Waiting for weather window. August 26 end of Summer. miles 2097
We arrived in Shelburne one of the three largest natural harbors in the world and a population of just under 2000. It was in the middle of the Atlantic Regatta for Lasers. Due to all the other staff being busy we were met at the dock by the Commodore and Rear Commodore. Brad chatted with us a while and then offered his car for us to do our grocery shopping.
Its a beautiful town and initially we thought there wasn’t much to do in it as everything was closed on Sunday and Monday and I thought I would be bored as we waited for our weather window on Saturday. Not so. I would love to come back and stay a Summer.
There is a very active sailing school with kids as young as 7 yrs out there. One of the local girls who is 20yrs won this year’s Chester Regatta which is one of the most prestigious regattas. We popped into the sailing classroom and storage and saw this picture of the sailboat pinned to the wall. Watching those kids jump onto the boats and sail off in heavy winds was pretty impressive.
We went for the usual stroll around the graveyard and as I read some of the epitaphs I got really moved and was saying so to Pat when out of the bushes a Doe came strolling. She watched us as we passed by no further than two graves away (How often do you get to use that expression?) and when she had passed, these two fawns came strolling by. Since then every evening we’ve seen deer but they always enchant me.
That night in the bar there were such a variety of sailors who have travelled the world over. The following day we did our shop, cleaned the boat and all that good stuff. We passed a clothes sport shop and I noticed that she had an embroidery machine and two of the pink shirts I like so I asked her if she could put our logo on for me. No problem. She took a photo of mine and said she will be just a little while. Later when she showed me the design I asked her approximately how much it would cost. ‘Not much’ she said. ‘Ok’ I said and left. Sure enough it was only $6 each one.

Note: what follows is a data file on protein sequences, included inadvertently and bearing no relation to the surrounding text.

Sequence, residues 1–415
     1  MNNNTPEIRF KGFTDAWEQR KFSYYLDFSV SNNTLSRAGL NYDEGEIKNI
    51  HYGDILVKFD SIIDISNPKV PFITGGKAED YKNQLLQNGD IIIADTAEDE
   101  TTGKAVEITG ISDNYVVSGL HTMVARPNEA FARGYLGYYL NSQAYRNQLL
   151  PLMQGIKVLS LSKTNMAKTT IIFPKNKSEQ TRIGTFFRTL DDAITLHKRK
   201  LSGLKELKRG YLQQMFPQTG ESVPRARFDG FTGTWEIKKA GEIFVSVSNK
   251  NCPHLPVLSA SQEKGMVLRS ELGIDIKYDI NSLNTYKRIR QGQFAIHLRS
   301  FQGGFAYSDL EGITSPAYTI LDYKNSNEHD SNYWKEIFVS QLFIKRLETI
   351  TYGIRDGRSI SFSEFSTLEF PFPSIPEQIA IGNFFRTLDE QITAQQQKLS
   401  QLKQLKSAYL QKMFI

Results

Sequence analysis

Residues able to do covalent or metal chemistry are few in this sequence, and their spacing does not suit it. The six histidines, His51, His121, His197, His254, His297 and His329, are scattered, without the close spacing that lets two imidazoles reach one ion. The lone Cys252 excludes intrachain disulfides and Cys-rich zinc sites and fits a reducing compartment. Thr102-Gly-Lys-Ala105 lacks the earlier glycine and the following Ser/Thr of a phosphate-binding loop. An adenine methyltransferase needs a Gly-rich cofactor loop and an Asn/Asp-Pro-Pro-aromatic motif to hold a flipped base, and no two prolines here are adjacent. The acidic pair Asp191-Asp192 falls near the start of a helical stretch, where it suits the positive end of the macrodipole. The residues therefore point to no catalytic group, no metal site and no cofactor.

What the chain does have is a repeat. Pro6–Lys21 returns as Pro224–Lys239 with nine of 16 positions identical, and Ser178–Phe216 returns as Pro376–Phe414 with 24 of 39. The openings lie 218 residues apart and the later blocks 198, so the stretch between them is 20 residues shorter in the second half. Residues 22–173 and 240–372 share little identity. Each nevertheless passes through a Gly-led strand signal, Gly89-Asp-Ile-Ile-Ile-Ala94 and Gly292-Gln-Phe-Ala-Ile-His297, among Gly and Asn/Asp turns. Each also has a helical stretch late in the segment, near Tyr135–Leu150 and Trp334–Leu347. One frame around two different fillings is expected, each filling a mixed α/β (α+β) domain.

We bumped into Ginger and Chick a very entertaining couple who we had met the night before and we joined them for dinner in the Ships Galley. The lobster corn chowder was delicious but what really caught our eye was on the kids menu. Grilled peanut butter and jelly sandwich and it stole the show. We had it for starter.
Once again another charming museum. I loved the yellow outfit and fire hose machine. Also that the Canadian military recognized the importance of music for morale. The Soldiers were given song books. Included in price for the museum was a tour around the boat shed where they made Dorys. These are beautiful boats. Painted yellow and green so that they can be seen in the fog. They produced two boats a day and were the main fishermen boats until it was decided in some government office that a boat over so many feet must contain a life raft and that was the end of that industry. They still make them in Shelburne and Lunnenberg and we met the master builder who I fell a little bit in love with. He really enjoyed showing us around and then as we left he asked us How did we think we got the boats out of the 2nd floor? We assumed there were lifts and pulleys. Nope he said proudly. I open the door and yell out to passers by. He showed us the newspaper article with the photo.